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A Reporter's Life

by Malcolm W. Browne

Pub Date: Sept. 1st, 1993
ISBN: 0-8129-6352-0
Publisher: Times/Henry Holt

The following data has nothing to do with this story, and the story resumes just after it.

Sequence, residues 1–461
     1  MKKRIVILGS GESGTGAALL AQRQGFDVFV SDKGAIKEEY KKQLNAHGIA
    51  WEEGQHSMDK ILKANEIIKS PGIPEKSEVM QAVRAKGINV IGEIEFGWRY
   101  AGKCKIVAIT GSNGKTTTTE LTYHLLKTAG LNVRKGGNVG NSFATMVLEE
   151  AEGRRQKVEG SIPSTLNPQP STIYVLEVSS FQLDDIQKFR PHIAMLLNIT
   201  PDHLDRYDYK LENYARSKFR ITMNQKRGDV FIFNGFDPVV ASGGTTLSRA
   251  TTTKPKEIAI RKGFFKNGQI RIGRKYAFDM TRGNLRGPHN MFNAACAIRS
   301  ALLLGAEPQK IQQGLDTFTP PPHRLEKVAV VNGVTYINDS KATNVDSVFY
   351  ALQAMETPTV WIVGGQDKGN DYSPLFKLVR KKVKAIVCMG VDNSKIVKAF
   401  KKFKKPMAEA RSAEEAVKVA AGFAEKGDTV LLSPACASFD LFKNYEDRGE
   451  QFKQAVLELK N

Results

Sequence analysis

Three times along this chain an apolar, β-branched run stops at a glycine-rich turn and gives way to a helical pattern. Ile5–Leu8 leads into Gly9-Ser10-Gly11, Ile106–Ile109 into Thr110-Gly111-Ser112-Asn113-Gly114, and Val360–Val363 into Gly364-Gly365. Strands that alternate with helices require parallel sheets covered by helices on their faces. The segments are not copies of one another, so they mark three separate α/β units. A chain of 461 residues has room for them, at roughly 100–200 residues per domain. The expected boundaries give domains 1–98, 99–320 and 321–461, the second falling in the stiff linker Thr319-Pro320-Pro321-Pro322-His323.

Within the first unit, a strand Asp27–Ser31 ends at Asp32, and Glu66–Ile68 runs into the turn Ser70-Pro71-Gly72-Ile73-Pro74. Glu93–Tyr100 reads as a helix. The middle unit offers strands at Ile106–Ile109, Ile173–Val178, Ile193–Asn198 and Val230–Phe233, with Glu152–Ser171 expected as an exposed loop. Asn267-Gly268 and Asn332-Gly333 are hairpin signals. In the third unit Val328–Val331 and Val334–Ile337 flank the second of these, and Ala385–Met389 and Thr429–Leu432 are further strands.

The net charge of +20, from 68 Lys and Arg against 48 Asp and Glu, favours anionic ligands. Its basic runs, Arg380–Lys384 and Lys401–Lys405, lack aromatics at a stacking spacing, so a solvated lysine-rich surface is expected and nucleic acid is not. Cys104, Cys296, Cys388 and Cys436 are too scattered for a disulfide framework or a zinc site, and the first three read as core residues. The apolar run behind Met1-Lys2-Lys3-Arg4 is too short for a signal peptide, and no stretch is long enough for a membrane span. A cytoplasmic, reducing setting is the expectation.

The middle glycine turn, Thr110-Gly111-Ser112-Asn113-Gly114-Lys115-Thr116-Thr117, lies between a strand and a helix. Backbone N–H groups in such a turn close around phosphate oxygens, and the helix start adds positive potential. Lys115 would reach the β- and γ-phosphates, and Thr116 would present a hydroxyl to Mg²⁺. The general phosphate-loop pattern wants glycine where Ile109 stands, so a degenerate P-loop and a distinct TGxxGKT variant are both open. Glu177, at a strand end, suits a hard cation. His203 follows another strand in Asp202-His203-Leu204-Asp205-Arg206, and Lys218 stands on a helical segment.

A top foreign correspondent's anecdotal memoir that, despite its ramshackle structure, affords many pleasures and not a few surprises. Browne (The New Face of War, 1965) made a name for himself during the early 1960's as the AP's man in Vietnam, where his ``muddy-boots'' reporting earned him a Pulitzer. (The title's allusion to red socks is a private joke: Browne has worn them since his days as a Korean-era GI who loathed olive drab.) But there's far more to the author's story than Southeast Asia. With time out for an unhappy year at ABC-TV, Browne ran news bureaus in Eastern Europe and South America for The New York Times, which also dispatched him to cover Pakistan's 1971 clash with India and, most recently, the Desert Storm campaign. The author provides vivid accounts of the risks and rewards of front-line journalism: Among other feats, he's survived three plane crashes, countless fire fights, Scud missile raids, detainment by Soviet Bloc constabulary, and the ire of domestic hawks. He also comments on the high-profile luminaries, lesser lights, and media colleagues he's encountered on his travels—from Peter Arnett through Pavel Kohout, Pablo Neruda, and Prince Sihanouk. And, on occasion, Browne editorializes shockingly, most notably in a Malthusian rant on the threat posed to Western civilization by Third World have-nots. While the author says little here about his private life, his episodic recollections of a news-gathering career in the world's combat zones and boondocks make for an absorbing chronicle. (Sixteen pages of photographs—not seen)